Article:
By Yossi Sheffi. One of the mysteries of the stock market's decline at the beginning of 2016 is why such a precipitous fall occurred at a time when economies are reaping the benefits of lower energy costs. As oil prices parachuted to depths not seen since the tech crash of the early 2000s, factories, transportation carriers, and consumers pocketed substantial savings on fuel costs. The plunge in oil prices transfers about $1,500 every year from Saudi Arabia, Russia, Venezuela and other oil producers to the pockets of every US driver. The US economy, which is based in large part on consumer spending, should be soaring, and the market valuation of most firms (sans energy producers) should hit new highs.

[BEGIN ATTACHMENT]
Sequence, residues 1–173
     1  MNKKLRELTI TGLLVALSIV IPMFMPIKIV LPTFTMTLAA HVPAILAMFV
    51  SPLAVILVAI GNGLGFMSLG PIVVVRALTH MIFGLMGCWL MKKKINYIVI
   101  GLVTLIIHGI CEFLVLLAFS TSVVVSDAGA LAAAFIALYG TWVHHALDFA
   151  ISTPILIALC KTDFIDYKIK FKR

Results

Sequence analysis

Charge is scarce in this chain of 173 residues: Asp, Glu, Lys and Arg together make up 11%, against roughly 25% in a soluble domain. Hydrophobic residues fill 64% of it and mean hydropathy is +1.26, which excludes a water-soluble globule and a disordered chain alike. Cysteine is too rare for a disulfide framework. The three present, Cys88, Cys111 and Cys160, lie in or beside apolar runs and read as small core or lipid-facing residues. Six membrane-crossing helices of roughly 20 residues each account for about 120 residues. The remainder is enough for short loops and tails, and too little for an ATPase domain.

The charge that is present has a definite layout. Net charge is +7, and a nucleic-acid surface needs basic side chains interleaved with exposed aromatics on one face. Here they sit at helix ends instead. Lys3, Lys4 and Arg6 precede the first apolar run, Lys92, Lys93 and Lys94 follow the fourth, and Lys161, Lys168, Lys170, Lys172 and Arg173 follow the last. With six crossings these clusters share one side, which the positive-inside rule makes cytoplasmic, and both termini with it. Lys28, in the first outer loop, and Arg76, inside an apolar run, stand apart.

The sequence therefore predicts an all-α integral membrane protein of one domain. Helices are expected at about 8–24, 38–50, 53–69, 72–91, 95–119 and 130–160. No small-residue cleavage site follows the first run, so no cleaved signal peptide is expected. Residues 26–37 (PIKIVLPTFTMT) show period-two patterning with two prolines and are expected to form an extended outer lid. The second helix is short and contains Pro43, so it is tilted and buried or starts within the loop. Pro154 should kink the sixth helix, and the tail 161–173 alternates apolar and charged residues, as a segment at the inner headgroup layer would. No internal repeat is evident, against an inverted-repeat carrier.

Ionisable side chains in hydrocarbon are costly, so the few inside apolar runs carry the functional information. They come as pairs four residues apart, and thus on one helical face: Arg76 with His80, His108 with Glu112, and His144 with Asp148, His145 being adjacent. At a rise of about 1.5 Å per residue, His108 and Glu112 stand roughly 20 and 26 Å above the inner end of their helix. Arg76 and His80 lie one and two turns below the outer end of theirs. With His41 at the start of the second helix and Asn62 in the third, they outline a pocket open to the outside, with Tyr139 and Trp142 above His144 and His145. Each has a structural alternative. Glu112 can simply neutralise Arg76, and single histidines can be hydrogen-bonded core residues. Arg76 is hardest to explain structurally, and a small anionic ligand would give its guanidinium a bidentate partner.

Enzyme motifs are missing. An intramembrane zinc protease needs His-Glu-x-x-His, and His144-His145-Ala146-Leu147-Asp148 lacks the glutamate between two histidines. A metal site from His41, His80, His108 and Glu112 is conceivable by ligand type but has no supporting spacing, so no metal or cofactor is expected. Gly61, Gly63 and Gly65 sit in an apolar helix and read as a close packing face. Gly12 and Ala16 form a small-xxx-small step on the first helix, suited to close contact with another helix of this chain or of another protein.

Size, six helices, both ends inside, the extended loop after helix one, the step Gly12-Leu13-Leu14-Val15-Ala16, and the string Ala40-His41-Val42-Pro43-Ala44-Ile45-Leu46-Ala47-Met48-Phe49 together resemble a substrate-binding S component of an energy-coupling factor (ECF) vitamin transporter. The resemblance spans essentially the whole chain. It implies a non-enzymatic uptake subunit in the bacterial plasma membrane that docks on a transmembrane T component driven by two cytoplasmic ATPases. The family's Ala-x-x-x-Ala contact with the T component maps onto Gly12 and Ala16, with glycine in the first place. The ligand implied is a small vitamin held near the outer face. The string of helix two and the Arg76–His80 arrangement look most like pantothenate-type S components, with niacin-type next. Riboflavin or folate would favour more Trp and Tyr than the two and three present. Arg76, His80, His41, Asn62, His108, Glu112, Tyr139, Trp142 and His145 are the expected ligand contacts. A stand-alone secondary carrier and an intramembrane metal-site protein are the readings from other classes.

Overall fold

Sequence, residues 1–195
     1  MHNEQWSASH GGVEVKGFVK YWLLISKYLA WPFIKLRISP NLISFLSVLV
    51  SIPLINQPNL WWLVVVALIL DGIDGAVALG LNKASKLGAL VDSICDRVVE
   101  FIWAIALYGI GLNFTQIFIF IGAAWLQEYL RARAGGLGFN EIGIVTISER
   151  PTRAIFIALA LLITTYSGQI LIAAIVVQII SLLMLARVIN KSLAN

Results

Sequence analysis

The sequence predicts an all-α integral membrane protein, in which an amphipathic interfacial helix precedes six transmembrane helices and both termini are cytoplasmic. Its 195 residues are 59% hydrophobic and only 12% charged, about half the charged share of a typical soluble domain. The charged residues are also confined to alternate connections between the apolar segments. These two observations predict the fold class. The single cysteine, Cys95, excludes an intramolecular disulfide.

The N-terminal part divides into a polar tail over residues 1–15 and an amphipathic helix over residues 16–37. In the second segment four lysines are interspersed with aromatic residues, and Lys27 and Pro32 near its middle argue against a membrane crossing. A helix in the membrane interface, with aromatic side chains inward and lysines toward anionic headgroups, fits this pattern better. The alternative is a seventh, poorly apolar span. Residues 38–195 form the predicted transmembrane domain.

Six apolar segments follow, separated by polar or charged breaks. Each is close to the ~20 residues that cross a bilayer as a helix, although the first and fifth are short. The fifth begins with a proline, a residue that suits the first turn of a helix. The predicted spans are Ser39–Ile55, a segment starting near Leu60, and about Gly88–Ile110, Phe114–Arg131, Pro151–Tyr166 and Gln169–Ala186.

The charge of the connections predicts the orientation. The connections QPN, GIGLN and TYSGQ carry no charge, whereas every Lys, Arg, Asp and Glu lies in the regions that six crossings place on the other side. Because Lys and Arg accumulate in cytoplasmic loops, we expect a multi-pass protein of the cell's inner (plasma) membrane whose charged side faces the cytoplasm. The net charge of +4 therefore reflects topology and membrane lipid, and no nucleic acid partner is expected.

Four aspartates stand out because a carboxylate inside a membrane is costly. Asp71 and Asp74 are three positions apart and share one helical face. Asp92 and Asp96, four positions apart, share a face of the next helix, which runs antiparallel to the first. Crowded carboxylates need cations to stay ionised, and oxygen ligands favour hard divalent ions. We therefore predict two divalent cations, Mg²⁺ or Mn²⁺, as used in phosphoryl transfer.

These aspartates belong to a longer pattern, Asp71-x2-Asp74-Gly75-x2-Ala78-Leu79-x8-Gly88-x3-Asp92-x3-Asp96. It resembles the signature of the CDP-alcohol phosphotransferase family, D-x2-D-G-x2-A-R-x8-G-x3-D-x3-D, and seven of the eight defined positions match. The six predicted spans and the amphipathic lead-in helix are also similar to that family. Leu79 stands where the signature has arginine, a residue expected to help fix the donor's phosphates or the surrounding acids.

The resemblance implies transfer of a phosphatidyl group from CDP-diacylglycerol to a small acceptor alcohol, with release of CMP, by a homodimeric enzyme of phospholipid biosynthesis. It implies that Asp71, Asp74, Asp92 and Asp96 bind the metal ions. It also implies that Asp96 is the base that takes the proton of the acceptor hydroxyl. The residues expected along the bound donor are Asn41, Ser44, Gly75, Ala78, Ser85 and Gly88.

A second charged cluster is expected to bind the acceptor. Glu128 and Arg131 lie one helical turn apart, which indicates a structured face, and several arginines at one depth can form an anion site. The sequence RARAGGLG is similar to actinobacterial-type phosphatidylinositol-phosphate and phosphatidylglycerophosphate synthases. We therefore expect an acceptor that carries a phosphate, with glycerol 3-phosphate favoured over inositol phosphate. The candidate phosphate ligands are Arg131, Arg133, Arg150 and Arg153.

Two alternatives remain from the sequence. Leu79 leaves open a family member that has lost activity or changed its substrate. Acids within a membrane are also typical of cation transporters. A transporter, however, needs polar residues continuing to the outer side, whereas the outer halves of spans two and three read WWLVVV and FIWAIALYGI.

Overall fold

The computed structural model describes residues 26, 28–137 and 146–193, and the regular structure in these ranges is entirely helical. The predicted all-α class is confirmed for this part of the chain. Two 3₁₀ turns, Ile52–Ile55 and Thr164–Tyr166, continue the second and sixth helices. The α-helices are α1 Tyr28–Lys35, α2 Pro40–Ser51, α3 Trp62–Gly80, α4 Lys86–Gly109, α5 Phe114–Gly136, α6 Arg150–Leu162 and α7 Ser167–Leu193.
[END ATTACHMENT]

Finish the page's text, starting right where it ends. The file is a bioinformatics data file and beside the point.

Why is this not happening, and why might we be heading for a recession?